A surge in far-right representation in the European Parliament would not happen in isolation but could be a precursor of what’s to come in the next five years on a national level across Europe.

Far-right parties participating in a growing number of national governments would have a much more significant impact on member states’ impact on the bloc’s foreign policy, particularly in the European Council, where decisions on EU foreign policy are taken unanimously.

The worry is that if certain EU member states regularly exercise their vetoes, others will be increasingly tempted to do the same.

Just look at Hungary, which is responsible for the largest number of blockages in EU foreign policy-making, and that only in the past two years.

Slovakia, under Prime Minister Robert Fico, to some extent, has been on a similar trajectory. The Netherlands could be the latest country to join those ranks once it manages to form a government.


Italy, with pro-Ukraine, pro-NATO and pro-EU Prime Minister Giorgia Meloni, has been the notable exception. Poland, under the Law and Justice government, at least when it comes to foreign policy decisions related to Russia and security, has been the same.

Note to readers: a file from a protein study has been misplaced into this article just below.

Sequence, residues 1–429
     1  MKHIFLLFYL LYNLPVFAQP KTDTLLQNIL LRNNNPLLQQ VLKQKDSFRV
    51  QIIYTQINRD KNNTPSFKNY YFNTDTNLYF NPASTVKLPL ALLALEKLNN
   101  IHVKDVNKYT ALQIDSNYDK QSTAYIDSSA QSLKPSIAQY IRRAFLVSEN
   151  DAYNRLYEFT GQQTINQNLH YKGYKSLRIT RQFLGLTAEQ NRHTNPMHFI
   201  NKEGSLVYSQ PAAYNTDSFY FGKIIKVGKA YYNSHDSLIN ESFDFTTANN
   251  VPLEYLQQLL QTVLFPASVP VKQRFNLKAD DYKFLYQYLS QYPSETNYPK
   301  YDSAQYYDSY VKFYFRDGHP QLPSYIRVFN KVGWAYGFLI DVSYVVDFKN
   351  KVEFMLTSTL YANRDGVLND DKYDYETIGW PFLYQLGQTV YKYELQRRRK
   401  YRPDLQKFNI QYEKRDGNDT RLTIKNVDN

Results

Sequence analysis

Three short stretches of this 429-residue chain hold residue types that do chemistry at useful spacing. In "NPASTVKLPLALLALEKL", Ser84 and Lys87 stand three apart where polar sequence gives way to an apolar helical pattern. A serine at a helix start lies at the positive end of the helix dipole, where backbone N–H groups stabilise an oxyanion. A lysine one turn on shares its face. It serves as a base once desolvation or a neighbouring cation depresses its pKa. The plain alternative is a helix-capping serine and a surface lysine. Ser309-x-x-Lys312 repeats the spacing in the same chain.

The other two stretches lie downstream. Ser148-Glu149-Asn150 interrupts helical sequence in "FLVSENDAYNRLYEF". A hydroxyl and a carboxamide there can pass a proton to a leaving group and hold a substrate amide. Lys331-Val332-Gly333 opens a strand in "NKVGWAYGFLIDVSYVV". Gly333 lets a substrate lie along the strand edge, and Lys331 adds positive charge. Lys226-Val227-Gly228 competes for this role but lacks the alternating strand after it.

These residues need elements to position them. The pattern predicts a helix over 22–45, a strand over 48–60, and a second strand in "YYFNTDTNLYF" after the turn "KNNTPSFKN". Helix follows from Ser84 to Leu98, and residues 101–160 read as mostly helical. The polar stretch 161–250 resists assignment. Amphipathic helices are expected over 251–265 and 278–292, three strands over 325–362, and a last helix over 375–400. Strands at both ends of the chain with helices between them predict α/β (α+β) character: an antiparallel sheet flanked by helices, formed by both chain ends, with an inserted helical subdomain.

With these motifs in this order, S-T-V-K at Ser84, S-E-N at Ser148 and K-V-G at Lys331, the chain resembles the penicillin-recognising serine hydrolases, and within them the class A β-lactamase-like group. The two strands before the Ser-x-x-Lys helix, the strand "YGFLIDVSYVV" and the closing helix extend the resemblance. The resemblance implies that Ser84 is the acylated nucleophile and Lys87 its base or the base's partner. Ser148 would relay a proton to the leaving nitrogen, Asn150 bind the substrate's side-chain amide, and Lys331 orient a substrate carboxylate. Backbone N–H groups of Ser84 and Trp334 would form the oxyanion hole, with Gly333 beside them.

But several parties, including Austria’s FPÖ, Hungary’s Fidesz, Bulgaria’s Revival, the Slovak National Party, and the German AfD view Russia favorably and favor a sovereigntist turn over EU consensus.

A return of former US President Donald Trump to the White House could lead to new divisions on the EU and national levels, especially as some member states are likely to align with Washington at any cost.

Mix that with the far-right’s anti-NATO and anti-US sentiments, which are usually tied to broader antiglobalist or sovereigntist ideologies.

The only one not in the mix yet is China, which has so far not managed to develop deeper ties with the European radical right.

And then there’s EU enlargement, which has the chance to become the most important component of EU foreign policy in the next cycle.

While radical-right parties remain skeptical towards enlargement, some support particular EU candidate countries for their very own reasons.